2.9        The  Supreme  Court    in    Savitri  Pandey   v.    Prem    Chandra Pandey21          held that  marriage  between  the parties  cannot  be dissolved only on the  averments made by one of the parties that as the marriage between them has broken down, no useful purpose would be served to keep it alive.  The legislature, in its wisdom, despite observation of the Supreme Court has not thought it proper to provide for  dissolution of the marriage on such averments.              There may be cases where it is found that as the marriage has become dead on account of contributory acts of commission and omission of the parties, no useful purpose would be served by keeping such marriage alive. The sanctity of marriage cannot be left at the whims of one of the annoying spouses.

 18         Ashok  v.  Rupa,  1996  (2)  HLR  512 (Guj).

19        Shankar  v. Puspita,  AIR 2005 Jhar.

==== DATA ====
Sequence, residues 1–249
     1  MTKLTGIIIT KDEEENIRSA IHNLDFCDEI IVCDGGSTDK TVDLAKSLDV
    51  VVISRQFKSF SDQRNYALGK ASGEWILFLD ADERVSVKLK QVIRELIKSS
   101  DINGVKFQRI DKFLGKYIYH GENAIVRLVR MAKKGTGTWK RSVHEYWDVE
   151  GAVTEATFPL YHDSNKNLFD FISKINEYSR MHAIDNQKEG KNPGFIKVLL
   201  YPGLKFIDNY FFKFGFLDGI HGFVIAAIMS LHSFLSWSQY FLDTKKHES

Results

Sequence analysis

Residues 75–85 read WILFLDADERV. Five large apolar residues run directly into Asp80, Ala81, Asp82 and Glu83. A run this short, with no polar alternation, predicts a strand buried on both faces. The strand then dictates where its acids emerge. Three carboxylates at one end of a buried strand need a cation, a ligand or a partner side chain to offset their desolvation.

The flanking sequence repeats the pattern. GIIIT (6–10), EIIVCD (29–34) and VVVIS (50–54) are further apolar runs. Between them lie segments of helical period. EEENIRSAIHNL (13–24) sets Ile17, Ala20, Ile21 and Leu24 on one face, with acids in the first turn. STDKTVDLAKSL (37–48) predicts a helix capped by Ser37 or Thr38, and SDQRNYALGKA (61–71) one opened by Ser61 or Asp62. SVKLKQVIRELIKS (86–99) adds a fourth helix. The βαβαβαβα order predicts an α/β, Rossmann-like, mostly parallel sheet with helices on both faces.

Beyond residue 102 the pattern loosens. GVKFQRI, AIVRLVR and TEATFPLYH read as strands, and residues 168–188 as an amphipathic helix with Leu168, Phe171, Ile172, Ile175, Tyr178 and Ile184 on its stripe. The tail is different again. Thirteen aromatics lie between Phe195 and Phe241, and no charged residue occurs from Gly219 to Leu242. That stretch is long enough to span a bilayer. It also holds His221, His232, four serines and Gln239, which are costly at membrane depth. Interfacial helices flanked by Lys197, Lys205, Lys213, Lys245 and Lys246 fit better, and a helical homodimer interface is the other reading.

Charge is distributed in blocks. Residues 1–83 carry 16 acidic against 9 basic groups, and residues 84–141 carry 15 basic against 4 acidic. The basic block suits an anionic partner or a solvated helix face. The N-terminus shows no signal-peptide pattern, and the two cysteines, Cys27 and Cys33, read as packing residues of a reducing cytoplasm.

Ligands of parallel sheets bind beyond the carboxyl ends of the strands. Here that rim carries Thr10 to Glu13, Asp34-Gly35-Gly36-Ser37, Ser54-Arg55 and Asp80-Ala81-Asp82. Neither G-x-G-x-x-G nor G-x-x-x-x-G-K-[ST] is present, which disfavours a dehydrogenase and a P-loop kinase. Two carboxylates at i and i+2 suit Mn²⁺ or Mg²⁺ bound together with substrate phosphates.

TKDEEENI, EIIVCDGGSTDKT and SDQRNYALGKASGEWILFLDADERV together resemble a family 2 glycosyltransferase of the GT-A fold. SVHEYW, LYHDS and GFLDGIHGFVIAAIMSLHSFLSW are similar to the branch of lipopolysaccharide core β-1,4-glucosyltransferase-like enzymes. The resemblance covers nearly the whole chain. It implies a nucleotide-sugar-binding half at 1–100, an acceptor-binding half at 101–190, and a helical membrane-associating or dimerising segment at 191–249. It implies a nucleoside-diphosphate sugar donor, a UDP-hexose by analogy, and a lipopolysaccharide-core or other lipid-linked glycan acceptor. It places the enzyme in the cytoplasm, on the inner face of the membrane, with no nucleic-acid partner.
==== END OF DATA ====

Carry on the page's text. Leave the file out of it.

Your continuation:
21    AIR 2002 SC 591


20              Rita   v.   Trilokesh,   AIR   2007


2.10 In  Vinita  Saxena  v.  Pankaj  Pandit22, the  marriage  between Vinita Saxena and her husband Pankaj Pandit was dissolved by an order  of  the  Supreme  Court.   The  marriage  between  the  parties lasted only for five months.  Both of them were living separately for over 13 years.  Marriage also was not consummated.     Wife filed a petition for the dissolution of marriage on the ground of physical and mental cruelty and insanity on the part of the husband.                          Trial  court however dismissed  the petition.    High                                                      Court  also  dismissed     the appeal despite the failure of the husband to appear before the court. Allowing  the appeal of the wife,  a division bench of the Supreme Court speaking through Dr.  Justice AR. Lakshmanan ( as he then was ) held that the orders of the courts below had resulted in grave miscarriage of justice to the wife who had been constrained into living with a dead relationship for over 13 years and that the fact situation clearly showed that the husband  and wife can never ever stay as husband and wife and the wife’s stay with the respondent  husband would be injurious to her health. Accordingly, a          decree               of      divorce was granted in  favour of the wife against the husband. The Court held as follows: